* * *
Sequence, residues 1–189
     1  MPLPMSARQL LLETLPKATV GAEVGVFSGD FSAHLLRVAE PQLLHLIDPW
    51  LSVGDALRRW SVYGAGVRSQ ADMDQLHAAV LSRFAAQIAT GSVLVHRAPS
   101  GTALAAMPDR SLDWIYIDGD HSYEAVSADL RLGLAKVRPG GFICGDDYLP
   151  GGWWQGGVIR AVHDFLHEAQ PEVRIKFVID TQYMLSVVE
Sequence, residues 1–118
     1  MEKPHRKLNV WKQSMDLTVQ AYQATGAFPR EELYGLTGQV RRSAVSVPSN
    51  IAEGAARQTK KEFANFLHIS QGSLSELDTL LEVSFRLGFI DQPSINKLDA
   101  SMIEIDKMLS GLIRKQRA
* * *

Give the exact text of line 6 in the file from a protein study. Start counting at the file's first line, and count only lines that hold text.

Sequence, residues 1–118